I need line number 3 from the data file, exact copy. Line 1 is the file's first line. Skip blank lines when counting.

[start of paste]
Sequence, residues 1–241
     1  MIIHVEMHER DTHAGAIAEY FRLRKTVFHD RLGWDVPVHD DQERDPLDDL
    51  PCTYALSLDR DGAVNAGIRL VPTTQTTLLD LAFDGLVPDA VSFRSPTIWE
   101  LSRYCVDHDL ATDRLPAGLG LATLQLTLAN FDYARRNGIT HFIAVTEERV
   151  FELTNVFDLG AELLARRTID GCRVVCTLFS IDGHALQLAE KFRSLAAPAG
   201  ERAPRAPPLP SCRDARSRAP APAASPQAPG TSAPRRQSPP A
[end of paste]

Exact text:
    51  PCTYALSLDR DGAVNAGIRL VPTTQTTLLD LAFDGLVPDA VSFRSPTIWE